Approaches to Teaching Cement Hydration Processes to Undergraduate Students
Lisa E. Burris, Kenneth C. Hover, Anton K. Schindler, Aleksandra Radlinska
Appears on pages(s):
portland cement, hydration, maturity, microstructure, active learning, in-class demonstrations, concept mapping, inquiry-based learning, daily quiz technology, reinforced concrete pier, strengthening, theoretical model, ultra-high performance concrete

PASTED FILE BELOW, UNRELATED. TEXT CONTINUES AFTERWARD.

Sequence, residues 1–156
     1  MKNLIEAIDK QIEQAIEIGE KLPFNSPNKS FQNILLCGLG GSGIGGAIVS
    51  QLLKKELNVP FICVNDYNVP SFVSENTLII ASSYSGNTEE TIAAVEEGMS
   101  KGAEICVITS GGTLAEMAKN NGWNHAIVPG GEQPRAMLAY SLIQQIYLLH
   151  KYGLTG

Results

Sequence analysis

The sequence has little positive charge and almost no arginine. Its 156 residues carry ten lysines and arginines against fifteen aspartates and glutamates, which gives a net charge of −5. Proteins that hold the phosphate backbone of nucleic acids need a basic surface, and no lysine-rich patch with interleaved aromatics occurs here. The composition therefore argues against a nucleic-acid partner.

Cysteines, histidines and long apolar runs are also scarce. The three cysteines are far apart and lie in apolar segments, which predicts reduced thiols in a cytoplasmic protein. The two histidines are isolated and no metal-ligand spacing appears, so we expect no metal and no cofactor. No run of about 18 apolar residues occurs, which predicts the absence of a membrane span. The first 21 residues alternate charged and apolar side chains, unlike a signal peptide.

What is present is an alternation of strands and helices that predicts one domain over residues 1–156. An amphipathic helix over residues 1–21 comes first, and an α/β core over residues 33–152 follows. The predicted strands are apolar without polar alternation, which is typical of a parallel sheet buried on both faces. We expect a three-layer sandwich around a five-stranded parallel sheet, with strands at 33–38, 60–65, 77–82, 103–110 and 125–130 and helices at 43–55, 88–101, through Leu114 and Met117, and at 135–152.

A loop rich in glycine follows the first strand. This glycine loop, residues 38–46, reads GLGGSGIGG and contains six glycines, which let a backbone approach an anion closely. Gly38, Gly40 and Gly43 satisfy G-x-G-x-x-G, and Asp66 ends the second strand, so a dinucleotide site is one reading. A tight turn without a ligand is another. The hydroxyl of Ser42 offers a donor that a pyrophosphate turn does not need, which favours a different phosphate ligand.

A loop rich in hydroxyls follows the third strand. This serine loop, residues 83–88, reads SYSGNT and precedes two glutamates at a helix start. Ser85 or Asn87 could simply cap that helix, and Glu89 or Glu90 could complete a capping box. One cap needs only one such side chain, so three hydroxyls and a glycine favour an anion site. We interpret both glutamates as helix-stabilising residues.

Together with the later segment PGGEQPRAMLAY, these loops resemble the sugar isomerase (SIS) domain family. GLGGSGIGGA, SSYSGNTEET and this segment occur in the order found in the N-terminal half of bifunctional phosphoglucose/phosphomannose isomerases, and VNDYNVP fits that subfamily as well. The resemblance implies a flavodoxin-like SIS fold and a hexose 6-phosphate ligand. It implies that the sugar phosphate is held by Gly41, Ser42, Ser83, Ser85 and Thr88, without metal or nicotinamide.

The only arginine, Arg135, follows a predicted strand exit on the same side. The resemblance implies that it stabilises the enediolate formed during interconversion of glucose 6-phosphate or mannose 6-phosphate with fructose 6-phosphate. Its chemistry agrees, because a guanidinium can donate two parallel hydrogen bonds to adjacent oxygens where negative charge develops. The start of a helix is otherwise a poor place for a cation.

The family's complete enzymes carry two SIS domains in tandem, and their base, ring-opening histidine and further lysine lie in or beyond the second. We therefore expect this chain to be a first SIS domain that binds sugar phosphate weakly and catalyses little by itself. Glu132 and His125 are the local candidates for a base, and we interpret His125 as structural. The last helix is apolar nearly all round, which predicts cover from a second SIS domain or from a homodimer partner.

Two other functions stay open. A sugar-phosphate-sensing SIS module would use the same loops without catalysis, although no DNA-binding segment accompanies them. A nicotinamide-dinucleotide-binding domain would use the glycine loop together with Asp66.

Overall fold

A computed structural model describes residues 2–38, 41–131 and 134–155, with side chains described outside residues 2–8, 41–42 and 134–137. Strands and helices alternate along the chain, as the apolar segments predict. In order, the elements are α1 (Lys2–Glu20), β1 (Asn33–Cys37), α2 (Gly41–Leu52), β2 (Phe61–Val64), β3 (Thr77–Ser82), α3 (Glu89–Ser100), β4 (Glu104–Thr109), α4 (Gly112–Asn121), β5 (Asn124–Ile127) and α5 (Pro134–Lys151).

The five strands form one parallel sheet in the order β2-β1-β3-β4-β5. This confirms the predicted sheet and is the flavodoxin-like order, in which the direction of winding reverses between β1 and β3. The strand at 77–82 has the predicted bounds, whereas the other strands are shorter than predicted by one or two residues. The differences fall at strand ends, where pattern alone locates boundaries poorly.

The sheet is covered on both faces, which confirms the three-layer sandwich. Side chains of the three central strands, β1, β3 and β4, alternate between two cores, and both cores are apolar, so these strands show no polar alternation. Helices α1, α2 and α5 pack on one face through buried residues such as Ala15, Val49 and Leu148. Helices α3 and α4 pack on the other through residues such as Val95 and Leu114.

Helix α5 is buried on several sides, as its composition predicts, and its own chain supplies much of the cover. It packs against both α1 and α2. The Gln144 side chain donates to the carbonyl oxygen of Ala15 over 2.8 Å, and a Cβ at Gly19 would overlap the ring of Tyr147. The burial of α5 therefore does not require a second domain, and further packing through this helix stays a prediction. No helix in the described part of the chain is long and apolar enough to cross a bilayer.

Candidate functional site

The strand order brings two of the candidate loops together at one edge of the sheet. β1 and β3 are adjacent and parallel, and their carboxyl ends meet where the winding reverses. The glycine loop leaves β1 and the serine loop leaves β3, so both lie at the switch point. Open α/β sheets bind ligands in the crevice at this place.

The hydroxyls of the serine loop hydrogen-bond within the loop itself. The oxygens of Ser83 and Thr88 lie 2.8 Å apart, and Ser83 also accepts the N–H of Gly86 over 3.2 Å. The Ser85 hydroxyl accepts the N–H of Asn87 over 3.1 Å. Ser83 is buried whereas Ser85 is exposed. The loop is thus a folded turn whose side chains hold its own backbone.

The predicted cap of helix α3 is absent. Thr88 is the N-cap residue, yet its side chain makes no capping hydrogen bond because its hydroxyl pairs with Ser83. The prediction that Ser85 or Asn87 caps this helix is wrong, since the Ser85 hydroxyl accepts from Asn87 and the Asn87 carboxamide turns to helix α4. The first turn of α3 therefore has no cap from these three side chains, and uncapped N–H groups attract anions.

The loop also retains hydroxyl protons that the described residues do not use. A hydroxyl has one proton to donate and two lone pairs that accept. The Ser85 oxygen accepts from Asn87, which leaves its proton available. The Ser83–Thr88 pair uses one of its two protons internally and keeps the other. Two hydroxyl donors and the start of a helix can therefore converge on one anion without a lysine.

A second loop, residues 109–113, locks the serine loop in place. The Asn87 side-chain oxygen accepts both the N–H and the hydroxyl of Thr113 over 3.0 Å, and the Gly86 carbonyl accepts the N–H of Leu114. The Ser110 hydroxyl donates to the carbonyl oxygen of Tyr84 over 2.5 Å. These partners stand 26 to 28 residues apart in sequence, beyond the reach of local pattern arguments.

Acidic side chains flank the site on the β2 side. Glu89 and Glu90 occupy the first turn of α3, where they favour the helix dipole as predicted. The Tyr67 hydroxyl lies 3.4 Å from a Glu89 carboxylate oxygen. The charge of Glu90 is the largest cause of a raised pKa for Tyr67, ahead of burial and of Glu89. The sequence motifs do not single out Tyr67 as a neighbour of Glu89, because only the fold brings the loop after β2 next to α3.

Concrete continues to be the most widely used material in the world, second only to water. Concrete is used in most civil infrastructure systems, but it often remains inadequately understood by the profession. For civil engineers to adapt to a world requiring ever-increasing efficiency, durability, and sustainability, and in which novel material formulations and products are introduced monthly, engineers must be able to make decisions as to the acceptability of these materials, and their effect on the performance of civil infrastructure. Essential to that ability is students’ understanding of the basics of cement hydration and its relationship to property development in the fresh and hardened concrete state. Towards that goal, this paper presents the basics of cement hydration, resources for learning more about the subject, and approaches to transferring knowledge to undergraduate-level students, through both lecture- and lab-based activities. Topics addressed include prioritization of topics for undergraduate civil engineering students to learn with regards to cement hydration processes, approaches to effective teaching of these topics including active learning in the classroom and laboratory, as well as knowledge exchange strategies, assessment techniques, and lessons learned from past experiences teaching these topics.